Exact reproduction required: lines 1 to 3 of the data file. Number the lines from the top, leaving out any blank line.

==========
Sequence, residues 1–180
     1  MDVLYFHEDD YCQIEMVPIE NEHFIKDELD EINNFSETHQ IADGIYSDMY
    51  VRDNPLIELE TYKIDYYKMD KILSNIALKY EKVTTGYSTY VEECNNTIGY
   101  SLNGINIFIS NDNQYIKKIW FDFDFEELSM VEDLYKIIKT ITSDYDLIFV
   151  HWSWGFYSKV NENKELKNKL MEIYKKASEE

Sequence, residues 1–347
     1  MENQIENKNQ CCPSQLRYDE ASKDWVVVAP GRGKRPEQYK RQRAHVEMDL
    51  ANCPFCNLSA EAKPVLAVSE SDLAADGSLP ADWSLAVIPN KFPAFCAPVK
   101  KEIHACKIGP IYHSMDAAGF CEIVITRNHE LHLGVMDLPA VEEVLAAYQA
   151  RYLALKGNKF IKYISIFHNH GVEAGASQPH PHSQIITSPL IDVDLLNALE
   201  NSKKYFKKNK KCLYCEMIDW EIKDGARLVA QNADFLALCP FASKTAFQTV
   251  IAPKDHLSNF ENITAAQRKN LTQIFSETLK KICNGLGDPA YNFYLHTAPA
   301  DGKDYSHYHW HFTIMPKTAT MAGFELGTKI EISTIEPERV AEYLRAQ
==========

Sequence, residues 1–180
     1  MDVLYFHEDD YCQIEMVPIE NEHFIKDELD EINNFSETHQ IADGIYSDMY
    51  VRDNPLIELE TYKIDYYKMD KILSNIALKY EKVTTGYSTY VEECNNTIGY